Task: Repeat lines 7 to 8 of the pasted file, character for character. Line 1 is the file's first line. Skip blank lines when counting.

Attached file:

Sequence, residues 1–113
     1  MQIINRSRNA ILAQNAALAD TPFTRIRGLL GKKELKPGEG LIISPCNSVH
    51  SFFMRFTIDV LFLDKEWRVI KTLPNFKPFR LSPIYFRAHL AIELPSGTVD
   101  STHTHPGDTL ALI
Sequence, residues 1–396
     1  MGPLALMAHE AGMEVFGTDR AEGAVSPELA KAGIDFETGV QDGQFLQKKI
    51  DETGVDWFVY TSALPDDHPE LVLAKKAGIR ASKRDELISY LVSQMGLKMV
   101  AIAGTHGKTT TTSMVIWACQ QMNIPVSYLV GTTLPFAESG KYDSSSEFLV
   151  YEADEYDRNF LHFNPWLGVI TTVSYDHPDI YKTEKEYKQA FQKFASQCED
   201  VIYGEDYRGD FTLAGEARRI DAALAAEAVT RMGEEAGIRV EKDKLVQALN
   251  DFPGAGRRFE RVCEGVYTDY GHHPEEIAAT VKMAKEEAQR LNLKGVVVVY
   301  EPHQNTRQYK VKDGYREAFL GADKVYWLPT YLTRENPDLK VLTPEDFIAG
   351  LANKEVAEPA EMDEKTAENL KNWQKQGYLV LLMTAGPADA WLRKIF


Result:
    51  DETGVDWFVY TSALPDDHPE LVLAKKAGIR ASKRDELISY LVSQMGLKMV
   101  AIAGTHGKTT TTSMVIWACQ QMNIPVSYLV GTTLPFAESG KYDSSSEFLV